BY CLAIRE K. BAJO RS – Every buyer should consider getting a home inspection—especially when purchasing a foreclosure, or a vacant property.
Buying a home is one of the biggest investments people make in their lives, and it’s great to know what you are buying, especially when choosing a property for yourself and your family. When working with buyers, I always recommend getting a home inspection for the best information on the property, so you know exactly what you are buying.
A seasoned home inspector will check the attic, underneath the house, and in hard-to-reach areas of the home, so the buyer can see parts of the home that they wouldn’t normally see.
This inspector will describe the condition of the home by taking pictures of the areas he inspects. This is so helpful to the buyer as they have a visual reference of disclosure of the property, which is something the seller, or seller’s agent may not typically provide in this detail.
A home inspection can also show you the detailed construction of a property that can add value, especially if the property is a foreclosure, or has not been occupied by the original seller at the time of the sale.
This particular home was built with Cedar wood throughout, and the buyer would not have known that unless the owner, builder, architect, or blueprints had told us…because this property was a foreclosure, the home inspector provided much more value because he mentions that termites do not like Cedar wood, which means the buyers may have minimal disturbances with termites.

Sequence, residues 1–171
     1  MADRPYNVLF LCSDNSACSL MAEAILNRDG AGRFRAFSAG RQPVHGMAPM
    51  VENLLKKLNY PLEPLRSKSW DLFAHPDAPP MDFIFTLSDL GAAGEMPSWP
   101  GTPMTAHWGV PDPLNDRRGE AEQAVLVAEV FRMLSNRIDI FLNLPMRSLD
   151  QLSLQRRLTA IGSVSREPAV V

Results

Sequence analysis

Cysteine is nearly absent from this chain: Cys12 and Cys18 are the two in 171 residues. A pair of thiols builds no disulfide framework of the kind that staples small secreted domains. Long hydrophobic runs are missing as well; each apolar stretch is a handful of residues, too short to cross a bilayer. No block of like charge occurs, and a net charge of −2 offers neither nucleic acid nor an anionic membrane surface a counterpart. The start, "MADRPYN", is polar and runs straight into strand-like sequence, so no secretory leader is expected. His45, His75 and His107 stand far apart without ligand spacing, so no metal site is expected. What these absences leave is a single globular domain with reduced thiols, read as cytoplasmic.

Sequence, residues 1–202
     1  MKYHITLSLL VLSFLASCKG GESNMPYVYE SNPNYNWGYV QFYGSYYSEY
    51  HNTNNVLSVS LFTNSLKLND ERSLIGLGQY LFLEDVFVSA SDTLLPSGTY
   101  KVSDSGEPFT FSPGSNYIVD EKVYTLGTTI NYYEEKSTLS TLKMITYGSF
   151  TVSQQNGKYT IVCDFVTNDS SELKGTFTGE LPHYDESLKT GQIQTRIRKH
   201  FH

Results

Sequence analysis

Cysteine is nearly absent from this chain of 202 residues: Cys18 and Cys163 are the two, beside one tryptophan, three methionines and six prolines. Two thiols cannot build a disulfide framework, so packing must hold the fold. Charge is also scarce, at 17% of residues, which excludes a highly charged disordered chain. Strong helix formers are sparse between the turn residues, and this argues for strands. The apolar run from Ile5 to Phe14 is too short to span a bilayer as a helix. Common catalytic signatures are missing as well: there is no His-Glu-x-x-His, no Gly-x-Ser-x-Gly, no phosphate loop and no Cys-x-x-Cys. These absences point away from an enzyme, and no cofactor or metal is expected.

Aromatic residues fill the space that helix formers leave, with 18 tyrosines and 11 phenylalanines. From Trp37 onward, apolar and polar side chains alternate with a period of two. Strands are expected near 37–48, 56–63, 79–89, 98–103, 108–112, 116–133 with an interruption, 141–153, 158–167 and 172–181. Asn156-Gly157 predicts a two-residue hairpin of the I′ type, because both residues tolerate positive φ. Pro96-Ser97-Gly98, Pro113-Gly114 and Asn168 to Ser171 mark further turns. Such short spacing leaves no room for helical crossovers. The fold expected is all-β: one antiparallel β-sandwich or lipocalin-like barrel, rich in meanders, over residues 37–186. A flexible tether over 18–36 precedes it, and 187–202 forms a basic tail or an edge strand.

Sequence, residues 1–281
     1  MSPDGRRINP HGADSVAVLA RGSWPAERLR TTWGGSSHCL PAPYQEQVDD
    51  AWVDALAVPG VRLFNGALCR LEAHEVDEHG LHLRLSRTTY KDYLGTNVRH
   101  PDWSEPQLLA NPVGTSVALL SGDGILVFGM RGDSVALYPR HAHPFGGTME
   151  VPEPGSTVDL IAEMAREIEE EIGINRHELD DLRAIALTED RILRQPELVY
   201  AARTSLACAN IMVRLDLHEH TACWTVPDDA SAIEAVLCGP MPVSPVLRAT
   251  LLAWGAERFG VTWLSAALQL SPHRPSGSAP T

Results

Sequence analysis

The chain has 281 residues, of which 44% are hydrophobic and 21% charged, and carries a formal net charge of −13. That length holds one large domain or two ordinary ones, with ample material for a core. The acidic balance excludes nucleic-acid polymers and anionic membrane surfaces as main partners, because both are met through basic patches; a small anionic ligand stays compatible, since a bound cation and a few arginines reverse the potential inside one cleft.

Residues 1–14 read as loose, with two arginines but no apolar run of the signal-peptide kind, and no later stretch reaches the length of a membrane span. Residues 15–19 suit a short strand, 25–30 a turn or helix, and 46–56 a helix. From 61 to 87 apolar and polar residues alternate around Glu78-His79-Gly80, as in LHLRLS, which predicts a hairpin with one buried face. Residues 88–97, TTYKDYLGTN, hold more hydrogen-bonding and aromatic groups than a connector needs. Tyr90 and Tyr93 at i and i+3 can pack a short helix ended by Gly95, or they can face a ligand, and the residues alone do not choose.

During the home inspection, we also found that this property had home insulation, which is another added value for the buyer that not all homes have, and not always something the seller would disclose. Home insulation helps keep the home cooler, and is also functional when using air conditioning—with its reflective insulation in the roof—which helps keep the cold air cold while circulating inside the house.
A home inspector will check water pressure, water heat, water coldness, refrigerator thermostats, and any possible leaks for evidence of previous leakage on the property.
All the appliances are checked; the inspector checks to see if the dishwasher runs, if the washer and dryer goes through a full cycle, and all ceiling fans are turned on to make sure all electrical appliances are in good working order. The inspector will state what condition they are in at the time for the buyer’s informational report.
When I go to show or preview a property, there are things that I look for when previewing. This leakage in the garage was a sign that something was leaking, which triggered me to recommend a home inspection.
The home inspector is very sensitive to discolorations in the carpets, walls, and anything that may seem to have some damage, or potential damage.
This watermark on the carpet shows that there was water leakage from the laundry-bathroom that could have been repaired, or not. Since the home inspector is there for a certain time, he can only monitor use while he’s there, and points out the potential areas of concern for the future.
Since the 2006 earthquake in Hawaii, many of the homes built may have some signs of shifting. The home inspector will point out the extent of the damage, and possible repair solutions.
This crack in the middle of a corridor shows some earthquake damage—however, the inspector said it was an “aesthetic” repair and is only on the surface, and can be fixed with paint and drywall repair.
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